• The other aspect discussed was that the current appearance and image of the club do not reflect the current trend which includes a lot of powerful visual and social media marketing.
  • There is also the social need, where like minded mountain people meet and share stories.  It was felt that this should be very much more part of what the club is.

Does the MCSA meet the need of the climbing community?

The perception of the MCSA in general was that it meets the needs of trad climbers very well, but has little relevance to boulderers, sport climbers, competition climbers and gym climbers.  The youth have not much idea of what the club has to offer them, and they perceive the club to be there only for the older trad climbers and mountaineers.

What stops people from becoming a member?

It was proposed that the process of joining the club is too cumbersome, and it is also expensive for young people.

How can the MCSA attract younger people?

The main points raised here were:

  • Change the current club venue to one that is more attractive and conducive to socialising.
  • Become more closely associated to the existing climbing gyms.
  • Become more ‘electronic’ in terms of interaction with its members and the wider community.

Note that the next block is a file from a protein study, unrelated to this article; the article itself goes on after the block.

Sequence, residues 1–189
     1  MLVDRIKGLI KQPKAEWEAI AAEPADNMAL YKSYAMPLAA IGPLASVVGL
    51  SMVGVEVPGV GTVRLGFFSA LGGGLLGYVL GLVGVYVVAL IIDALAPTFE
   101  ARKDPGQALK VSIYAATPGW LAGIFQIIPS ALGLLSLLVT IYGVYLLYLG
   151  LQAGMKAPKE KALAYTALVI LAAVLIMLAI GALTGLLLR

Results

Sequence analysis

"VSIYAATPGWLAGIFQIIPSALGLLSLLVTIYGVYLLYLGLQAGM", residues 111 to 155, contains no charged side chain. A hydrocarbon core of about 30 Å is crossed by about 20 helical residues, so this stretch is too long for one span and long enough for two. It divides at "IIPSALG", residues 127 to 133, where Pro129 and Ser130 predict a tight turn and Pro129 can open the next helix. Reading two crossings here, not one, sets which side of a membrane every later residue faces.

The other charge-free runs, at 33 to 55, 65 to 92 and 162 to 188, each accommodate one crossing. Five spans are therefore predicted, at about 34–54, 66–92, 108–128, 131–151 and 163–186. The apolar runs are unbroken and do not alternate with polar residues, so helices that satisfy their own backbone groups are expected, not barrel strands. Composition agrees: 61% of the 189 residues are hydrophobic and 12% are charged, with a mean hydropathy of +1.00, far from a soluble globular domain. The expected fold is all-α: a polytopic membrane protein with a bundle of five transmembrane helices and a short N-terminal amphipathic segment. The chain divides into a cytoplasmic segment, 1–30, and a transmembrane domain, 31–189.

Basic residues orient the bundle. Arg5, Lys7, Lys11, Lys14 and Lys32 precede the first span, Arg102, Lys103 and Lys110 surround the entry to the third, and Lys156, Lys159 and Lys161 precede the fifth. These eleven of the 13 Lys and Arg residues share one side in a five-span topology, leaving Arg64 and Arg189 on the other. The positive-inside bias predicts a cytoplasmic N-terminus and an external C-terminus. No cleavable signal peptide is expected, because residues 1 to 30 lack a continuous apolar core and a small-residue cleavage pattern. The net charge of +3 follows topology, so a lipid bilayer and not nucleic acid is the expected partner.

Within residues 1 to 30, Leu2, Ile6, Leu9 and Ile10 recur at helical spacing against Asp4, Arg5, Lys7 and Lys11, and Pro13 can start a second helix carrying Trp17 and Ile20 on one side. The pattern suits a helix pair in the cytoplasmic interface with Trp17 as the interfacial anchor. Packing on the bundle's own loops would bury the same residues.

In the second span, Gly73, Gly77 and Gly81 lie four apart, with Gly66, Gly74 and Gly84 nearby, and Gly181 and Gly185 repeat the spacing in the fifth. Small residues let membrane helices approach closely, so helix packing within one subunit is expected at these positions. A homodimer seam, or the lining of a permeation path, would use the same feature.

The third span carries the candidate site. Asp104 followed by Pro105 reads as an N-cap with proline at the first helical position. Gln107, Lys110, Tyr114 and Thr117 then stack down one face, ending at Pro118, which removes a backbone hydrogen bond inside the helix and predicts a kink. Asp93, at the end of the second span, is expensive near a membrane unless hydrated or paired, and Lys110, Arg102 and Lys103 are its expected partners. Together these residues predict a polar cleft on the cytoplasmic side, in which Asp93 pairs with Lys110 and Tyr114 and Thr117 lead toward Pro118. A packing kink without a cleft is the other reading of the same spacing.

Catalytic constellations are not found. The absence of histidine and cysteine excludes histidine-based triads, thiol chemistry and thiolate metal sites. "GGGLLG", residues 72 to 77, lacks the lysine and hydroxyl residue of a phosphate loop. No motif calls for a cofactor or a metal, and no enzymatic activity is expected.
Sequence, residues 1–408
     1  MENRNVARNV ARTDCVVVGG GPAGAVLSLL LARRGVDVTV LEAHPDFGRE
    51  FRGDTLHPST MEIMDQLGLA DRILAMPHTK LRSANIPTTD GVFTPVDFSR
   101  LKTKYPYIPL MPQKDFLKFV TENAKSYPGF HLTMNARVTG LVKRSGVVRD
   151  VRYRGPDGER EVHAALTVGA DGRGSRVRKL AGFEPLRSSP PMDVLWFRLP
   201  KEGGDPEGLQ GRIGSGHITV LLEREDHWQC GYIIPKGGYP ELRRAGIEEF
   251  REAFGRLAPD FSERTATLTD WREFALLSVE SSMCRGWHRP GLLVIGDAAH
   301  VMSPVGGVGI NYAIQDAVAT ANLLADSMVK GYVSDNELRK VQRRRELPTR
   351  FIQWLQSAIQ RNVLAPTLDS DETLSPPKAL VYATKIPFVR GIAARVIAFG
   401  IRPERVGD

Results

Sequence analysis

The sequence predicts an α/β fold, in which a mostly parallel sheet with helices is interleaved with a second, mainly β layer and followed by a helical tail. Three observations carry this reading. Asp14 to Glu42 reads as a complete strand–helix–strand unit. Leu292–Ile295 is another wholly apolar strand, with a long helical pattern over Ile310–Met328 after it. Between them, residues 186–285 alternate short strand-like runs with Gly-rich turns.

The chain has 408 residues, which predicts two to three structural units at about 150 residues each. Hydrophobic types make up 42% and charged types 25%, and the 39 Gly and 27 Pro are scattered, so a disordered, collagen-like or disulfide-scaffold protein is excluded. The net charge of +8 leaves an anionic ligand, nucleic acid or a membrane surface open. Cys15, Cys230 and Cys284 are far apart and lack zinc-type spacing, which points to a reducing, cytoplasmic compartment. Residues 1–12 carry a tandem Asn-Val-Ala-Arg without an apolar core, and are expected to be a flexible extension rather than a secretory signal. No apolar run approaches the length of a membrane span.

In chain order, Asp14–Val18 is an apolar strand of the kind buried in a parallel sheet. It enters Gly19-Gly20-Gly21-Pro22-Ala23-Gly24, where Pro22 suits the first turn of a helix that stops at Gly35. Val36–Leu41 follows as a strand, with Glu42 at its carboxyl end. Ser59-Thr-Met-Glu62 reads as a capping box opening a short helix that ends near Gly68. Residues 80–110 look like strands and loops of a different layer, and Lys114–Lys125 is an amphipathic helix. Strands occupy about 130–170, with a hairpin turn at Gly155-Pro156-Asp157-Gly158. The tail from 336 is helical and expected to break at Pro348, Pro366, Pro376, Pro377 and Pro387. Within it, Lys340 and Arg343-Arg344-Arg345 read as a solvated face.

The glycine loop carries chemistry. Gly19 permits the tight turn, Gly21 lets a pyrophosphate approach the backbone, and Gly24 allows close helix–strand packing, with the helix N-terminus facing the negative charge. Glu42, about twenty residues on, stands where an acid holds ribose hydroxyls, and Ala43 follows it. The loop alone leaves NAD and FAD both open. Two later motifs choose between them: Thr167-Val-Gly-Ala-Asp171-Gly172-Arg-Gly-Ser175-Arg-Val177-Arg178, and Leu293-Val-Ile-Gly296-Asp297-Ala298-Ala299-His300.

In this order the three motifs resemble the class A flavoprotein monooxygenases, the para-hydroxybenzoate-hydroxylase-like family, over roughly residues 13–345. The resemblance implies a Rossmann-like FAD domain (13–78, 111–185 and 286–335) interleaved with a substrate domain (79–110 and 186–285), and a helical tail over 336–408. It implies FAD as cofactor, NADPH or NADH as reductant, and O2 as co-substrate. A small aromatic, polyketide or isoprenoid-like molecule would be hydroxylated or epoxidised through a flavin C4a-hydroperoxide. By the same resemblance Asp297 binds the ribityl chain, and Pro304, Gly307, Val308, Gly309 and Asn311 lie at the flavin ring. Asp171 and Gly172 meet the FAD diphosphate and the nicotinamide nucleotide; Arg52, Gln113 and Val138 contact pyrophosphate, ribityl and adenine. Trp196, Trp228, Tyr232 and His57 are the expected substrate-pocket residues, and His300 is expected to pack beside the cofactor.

• Offer different ‘levels’ of membership and lower the entry fees.
  • Have a regular weekly training event, such as what the Magaliesberg Section has at the LC De Villiers wall at the Pretoria University.
  • Draw to the club the many already well-known active climbers who have been intending to join the club for many years (but have never taken this step).

Should the MCSA joining procedure be changed?

Opinions were divided on this topic.

  • One side proposed to leave the current system as is, but do more effective and professional promotion of the club.
  • The other side proposed to drop all the membership application screening procedures and have an online membership system, like the BMC and other international organisations.


The essential detail what one can conclude from the evening is as follows:

  • We need to formulate a clear vision for the club.
  • We need to make changes to the club venue.
  • We need to add more of a social feel to the club and its activities.